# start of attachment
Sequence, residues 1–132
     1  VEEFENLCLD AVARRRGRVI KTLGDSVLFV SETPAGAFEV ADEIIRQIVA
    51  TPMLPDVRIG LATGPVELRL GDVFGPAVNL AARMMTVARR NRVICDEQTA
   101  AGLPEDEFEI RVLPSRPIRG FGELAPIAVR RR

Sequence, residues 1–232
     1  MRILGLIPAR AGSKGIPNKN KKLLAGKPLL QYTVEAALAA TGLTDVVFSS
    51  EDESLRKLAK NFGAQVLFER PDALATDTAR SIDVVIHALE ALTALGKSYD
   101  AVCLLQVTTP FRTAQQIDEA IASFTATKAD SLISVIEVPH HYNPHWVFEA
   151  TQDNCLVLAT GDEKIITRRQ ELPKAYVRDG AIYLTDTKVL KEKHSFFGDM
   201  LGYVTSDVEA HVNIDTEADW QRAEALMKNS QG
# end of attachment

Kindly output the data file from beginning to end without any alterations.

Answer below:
Sequence, residues 1–132
     1  VEEFENLCLD AVARRRGRVI KTLGDSVLFV SETPAGAFEV ADEIIRQIVA
    51  TPMLPDVRIG LATGPVELRL GDVFGPAVNL AARMMTVARR NRVICDEQTA
   101  AGLPEDEFEI RVLPSRPIRG FGELAPIAVR RR

Sequence, residues 1–232
     1  MRILGLIPAR AGSKGIPNKN KKLLAGKPLL QYTVEAALAA TGLTDVVFSS
    51  EDESLRKLAK NFGAQVLFER PDALATDTAR SIDVVIHALE ALTALGKSYD
   101  AVCLLQVTTP FRTAQQIDEA IASFTATKAD SLISVIEVPH HYNPHWVFEA
   151  TQDNCLVLAT GDEKIITRRQ ELPKAYVRDG AIYLTDTKVL KEKHSFFGDM
   201  LGYVTSDVEA HVNIDTEADW QRAEALMKNS QG